Realtime Worlds' David Jones
The head of the Crackdown and APB studio talks investors, retail, motion-control, recruitment, E3 and more!
Realtime Worlds is one of the UK's largest developers, responsible for hit title Crackdown and now working on ambitious MMO game APB - but while the company tends to keep its own counsel on industry developments for the most part, this year CEO David Jones is presenting keynote sessions at both GameHorizon and Develop.
Here, in the build-up to next week's event in Newcastle, we spent some time with the man himself, to get his thoughts on investor funding and the economy, the future of retail and online game, E3's motion-control revelations, recruitment and careers in the industry and his feelings on Ruffian's Crackdown 2 deal.
Well, basically, a lot of people - especially developers and publishers in the UK - have been asking us questions. What we've been doing, why we've chosen to go down the route we have, what were the challenges? So I thought we may as well use something that's industry-focused, but a little bit on the business side, which GameHorizon is, to explain those things - what we see as the potential upsides, what the downsides are - rather than sit down with everybody individually.
Absolutely, and we'll be talking about how we've seen our business evolve, things we've found after 25 years in the business, and how we've tried to do things differently. I think it's a good audience for that, and it should spark some interest and thought, maybe give some people guidance - especially on the development side for people who are wondering what the options are.
No, and even if we did have a game coming to market I still think we would have weathered it. I don't think, in terms of retail dollars, it's affected that much. Obviously internally, if we wanted to go and raise more money for example, that's going to be a huge challenge.
I think the only way it's affected us is just in terms of staying focused - there's probably a lot less room for manoeuvre. Maybe about 18 months ago if we were in the same position in the market and saw an opportunity, potentially we could have gone out and raised some more money based on that.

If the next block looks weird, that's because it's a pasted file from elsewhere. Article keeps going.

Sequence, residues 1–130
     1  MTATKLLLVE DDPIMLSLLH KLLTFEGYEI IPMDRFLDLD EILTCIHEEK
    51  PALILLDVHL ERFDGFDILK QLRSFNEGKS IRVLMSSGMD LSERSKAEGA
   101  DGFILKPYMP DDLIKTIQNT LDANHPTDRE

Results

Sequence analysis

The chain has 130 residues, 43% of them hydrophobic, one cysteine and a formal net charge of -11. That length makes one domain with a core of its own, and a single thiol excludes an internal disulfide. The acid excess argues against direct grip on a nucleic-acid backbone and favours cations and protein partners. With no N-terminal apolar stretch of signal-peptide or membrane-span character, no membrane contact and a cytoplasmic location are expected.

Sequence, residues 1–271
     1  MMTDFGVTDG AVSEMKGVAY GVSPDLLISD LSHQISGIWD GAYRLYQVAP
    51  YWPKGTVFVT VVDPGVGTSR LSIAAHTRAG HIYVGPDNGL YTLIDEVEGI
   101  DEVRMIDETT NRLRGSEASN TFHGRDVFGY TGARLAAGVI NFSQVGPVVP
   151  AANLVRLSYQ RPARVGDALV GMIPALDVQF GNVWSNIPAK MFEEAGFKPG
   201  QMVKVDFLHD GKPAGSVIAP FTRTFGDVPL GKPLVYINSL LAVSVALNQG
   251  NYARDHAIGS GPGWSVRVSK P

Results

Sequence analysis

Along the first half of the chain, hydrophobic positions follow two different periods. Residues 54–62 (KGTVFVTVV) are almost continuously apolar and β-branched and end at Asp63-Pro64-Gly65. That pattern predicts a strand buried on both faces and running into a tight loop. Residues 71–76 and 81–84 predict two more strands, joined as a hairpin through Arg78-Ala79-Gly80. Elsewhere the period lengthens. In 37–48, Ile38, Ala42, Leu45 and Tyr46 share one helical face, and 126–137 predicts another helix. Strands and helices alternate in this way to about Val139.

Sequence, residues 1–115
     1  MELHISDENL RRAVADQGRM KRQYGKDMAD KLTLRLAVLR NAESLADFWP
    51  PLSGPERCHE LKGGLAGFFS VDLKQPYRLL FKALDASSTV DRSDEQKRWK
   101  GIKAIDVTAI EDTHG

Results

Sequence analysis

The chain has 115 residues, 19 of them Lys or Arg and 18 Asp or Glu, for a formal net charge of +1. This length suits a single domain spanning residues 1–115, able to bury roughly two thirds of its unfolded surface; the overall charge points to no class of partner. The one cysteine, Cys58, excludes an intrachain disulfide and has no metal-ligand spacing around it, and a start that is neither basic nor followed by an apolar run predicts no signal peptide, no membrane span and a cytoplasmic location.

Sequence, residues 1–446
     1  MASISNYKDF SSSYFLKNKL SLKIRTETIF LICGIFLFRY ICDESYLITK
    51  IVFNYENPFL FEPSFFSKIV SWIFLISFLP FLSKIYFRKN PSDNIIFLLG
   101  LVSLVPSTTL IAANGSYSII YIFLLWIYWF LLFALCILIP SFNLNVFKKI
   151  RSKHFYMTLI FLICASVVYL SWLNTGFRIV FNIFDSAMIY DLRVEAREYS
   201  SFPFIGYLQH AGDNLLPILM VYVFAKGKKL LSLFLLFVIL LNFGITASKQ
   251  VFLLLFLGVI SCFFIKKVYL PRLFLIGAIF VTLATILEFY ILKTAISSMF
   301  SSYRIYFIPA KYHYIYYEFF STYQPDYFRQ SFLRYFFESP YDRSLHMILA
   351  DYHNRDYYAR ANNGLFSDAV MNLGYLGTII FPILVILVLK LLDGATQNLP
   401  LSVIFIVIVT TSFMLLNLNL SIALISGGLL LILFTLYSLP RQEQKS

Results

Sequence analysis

But from our perspective, and I think for any VC-backed company, it's about being laser-focused. In terms of the market, I don't think it's been affected that much in terms of retail dollars. Obviously for some publishers the results probably aren't so good, and they will use current conditions as a market for that, but a lot of that is to do with things like used game sales - there are definitely other areas that are affecting publisher dollars.
Yeah, absolutely. We've stayed on track to do exactly what we raised the money for, so from that perspective they've been very happy and supportive. You could look at it both ways - the way the market is, it's only the strongest and fittest that really will survive.
I'm sure like anybody, they've invested in quite a few things, probably some of which have seen a definite decline in the business models, such as advertising - there are definitely some of those companies that have been affected.
But our end-user business model, videogame sales and online gaming, those markets have been pretty resilient - so hopefully they'll view us as one of the ones that will weather the storm, and do well out of it.
We're very, very happy with it. We're looking at a launch date of early 2010 - we've got the partnership with EA Partners cemented, because we knew we'd need to start building presence at retail, marketing-wise. And we've signed a deal with a company on the hosting side - so everything's going really well.
We're playing the game every day now, hosted internally - obviously it's a company first, we've never done anything like this before, but overall I think everybody's pretty confident that we'll have a successful launch.
I think you're right - but first of all, with big-content games, just distributing it online might be a bit of a challenge. We've basically got a full DVD. Those barriers are coming down, and the costs of doing that are coming down, but we're trying to innovate enough in the game itself without trying to innovate in the way that we distribute the game - we want to take some risks, but I don't think we want to change every single thing from day one.
It's just about picking the areas where we feel there is a good opportunity, but in terms of just getting the game into gamers' hands, we felt that was maybe pushing the envelope too far.